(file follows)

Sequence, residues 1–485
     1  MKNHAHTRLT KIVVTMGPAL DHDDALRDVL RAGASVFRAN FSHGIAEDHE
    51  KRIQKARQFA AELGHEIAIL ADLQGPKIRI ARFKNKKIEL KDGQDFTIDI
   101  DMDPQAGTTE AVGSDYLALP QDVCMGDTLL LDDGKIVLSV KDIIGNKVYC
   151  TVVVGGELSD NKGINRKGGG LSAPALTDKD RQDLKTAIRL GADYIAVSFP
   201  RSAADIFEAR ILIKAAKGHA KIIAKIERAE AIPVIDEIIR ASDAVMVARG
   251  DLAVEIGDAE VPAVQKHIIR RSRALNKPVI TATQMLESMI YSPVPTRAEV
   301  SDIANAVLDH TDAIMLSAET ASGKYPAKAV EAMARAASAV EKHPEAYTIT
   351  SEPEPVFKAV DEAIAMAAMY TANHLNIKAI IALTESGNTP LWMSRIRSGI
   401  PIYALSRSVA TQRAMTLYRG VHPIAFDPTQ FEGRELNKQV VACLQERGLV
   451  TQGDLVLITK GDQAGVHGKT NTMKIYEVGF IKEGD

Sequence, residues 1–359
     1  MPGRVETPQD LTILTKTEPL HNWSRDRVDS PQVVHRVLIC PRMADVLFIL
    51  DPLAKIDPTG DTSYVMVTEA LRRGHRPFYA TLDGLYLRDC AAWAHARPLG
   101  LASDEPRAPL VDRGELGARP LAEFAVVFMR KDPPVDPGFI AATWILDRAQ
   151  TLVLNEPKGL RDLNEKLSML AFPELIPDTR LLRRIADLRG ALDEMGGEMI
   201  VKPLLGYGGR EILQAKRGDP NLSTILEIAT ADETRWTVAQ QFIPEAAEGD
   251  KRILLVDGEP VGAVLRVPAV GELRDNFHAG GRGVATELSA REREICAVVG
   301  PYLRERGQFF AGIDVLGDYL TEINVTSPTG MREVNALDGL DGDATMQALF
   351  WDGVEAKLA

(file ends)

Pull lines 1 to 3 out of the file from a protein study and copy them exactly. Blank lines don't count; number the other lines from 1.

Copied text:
Sequence, residues 1–485
     1  MKNHAHTRLT KIVVTMGPAL DHDDALRDVL RAGASVFRAN FSHGIAEDHE
    51  KRIQKARQFA AELGHEIAIL ADLQGPKIRI ARFKNKKIEL KDGQDFTIDI